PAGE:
BoE's Bean-rising prices point to hawkish policy

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LONDON, Nov 26 (Reuters) British monetary policy may have to remain tight for some time given rising inflation pressures even though financial market turmoil could spread, Bank of England chief economist Charles Bean said.

The BoE is faced with the tough task of managing a weaker economic outlook as a result of the credit crunch and rising inflationary pressures due in part to higher commodity costs. It has so far kept interest rates steady at 5.75 percent.

Markets expect the central bank to cut borrowing costs soon but policymakers have given few signals that they are in a rush to act during the credit squeeze, preferring to wait and see how the economy develops.

''The backdrop to our attempts to keep inflation in line with target is less favourable than it has been,'' Bean was quoted on Monday as saying in the Liverpool Daily Post newspaper.

''What it will mean is if the imported component of inflation is somewhat higher the domestically generated component needs to be somewhat lower to compensate and that may mean we have to run a tighter monetary policy for a while to get that domestic inflation down.'' But Bean said the repercussions from this year's financial market turmoil could linger for some time and spread to stock markets and commercial property, suggesting policymakers are increasingly worried about a prolonged economic slowdown.

''It will be quite a long time before things come back to a full state of normality,'' Bean was quoted as saying.

CREDIT CRUNCH LINGERS Money market conditions have tightened again in recent sessions, indicating that the credit crunch is far from over, with interbank sterling lending rates rising to a two-month high on Monday.

Bean, who voted with a majority of Monetary Policy Committee members to keep interest rates on hold this month, said that only a small fraction of the likely losses resulting from the U.S. subprime mortgage market had come to light.

''It's quite likely that over the coming months there will be more revelations to come out, not necessarily just in this country,''he said.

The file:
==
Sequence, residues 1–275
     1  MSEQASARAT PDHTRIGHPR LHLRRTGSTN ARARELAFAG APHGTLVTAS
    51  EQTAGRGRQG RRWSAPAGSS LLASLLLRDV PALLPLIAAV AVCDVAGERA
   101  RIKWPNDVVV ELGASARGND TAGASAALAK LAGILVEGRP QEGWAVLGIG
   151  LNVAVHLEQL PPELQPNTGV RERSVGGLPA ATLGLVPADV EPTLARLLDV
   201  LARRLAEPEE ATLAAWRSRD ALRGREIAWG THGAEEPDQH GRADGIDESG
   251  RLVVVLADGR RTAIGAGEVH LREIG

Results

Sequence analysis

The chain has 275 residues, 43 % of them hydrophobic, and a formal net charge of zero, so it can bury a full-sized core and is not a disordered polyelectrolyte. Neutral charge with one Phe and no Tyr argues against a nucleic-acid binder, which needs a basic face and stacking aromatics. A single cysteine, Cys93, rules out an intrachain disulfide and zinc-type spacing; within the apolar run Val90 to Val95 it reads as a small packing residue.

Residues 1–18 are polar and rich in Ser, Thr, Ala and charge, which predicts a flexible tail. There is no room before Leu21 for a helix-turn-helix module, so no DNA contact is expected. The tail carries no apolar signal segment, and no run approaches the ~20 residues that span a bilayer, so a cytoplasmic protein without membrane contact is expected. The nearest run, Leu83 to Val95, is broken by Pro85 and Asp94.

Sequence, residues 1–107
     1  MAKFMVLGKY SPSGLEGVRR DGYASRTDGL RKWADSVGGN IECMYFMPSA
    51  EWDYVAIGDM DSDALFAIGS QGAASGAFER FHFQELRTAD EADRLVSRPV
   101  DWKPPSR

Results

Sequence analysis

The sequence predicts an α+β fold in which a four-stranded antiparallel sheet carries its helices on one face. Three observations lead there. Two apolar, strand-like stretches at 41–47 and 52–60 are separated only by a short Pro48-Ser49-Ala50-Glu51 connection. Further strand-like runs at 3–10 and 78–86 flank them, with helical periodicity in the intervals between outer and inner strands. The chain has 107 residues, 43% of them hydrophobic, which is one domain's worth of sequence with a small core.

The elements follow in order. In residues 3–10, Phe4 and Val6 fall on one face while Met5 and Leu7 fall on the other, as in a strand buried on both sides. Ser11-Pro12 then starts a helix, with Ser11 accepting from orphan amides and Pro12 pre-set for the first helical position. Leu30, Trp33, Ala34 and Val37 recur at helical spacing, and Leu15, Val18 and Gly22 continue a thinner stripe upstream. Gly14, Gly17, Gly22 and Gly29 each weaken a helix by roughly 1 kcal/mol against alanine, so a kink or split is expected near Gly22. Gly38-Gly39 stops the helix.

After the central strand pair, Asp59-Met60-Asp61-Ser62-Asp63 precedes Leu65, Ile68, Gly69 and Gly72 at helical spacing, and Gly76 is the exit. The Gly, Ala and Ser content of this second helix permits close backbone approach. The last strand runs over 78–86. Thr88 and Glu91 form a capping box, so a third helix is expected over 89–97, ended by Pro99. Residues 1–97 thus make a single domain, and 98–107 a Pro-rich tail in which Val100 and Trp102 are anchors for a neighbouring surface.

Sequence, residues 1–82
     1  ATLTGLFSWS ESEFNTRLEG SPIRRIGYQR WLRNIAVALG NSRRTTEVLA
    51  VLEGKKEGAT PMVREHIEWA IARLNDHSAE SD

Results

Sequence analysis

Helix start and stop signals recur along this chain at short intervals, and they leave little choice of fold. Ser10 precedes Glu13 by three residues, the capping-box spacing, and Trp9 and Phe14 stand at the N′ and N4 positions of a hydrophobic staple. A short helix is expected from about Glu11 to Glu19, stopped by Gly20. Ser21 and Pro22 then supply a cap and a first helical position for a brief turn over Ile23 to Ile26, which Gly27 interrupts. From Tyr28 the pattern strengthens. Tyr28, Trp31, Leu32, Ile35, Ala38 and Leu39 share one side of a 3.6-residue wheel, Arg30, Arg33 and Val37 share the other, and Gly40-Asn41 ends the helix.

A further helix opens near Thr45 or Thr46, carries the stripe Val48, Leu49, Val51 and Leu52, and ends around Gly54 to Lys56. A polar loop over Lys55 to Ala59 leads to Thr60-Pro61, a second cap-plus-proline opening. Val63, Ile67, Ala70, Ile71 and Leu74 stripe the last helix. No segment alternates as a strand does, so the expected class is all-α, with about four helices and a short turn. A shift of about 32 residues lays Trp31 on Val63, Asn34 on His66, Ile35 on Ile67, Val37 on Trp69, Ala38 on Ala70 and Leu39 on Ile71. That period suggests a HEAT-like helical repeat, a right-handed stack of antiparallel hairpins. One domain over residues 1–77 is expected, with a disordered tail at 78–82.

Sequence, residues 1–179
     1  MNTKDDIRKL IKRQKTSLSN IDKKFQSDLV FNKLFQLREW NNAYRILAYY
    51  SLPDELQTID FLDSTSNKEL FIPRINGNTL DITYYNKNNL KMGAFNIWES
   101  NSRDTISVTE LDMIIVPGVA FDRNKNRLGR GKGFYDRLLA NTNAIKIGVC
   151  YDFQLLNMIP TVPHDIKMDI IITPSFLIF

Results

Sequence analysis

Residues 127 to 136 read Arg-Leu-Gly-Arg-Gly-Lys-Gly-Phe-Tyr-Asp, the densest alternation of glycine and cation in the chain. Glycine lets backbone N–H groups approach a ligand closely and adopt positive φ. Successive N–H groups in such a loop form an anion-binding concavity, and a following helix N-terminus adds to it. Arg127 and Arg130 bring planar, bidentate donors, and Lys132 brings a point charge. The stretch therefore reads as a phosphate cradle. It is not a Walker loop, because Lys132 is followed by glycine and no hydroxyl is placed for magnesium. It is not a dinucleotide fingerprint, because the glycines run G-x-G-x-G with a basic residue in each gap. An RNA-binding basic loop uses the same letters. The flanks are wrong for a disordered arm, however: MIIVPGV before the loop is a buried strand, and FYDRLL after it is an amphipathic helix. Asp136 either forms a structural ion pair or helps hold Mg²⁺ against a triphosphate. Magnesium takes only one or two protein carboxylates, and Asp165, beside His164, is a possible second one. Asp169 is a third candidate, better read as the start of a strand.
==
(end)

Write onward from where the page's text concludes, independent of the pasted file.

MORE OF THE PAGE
The credit crunch triggered the first run on a British bank -- Northern Rock -- in more than 140 years in September after it sought emergency help from the BoE and markets are rife with rumours about the health of other financial institutions.

Britain's third largest bank Barclays revealed less damage than had been feared earlier this month, but investors remain anxious over forthcoming trading reports from the sector.

Barlcays, Bradford&Bingley and Royal Bank of Scotland are among those due to issue trading updates in the coming weeks.

However, BoE Governor Mervyn King has said most banks should be protected by the massive profits they made when conditions were more favourable.

''If ever there was a moment when it was helpful for banks to have made large profits it must be now,'' King told reporters at the November Inflation Report press conference.

''They will provide the cushion which guarantees the stability of the banking system.'' BoE deputy governor Rachel Lomax -- who surprised markets by not voting to cut rates this month -- has also highlighted the tough choices policymakers are having to make as price pressures swell and the economic outlook softens.

Lomax said in a speech that interest rates may be too high but it could be risky to signal lower borrowing costs when inflationary pressures are mounting.


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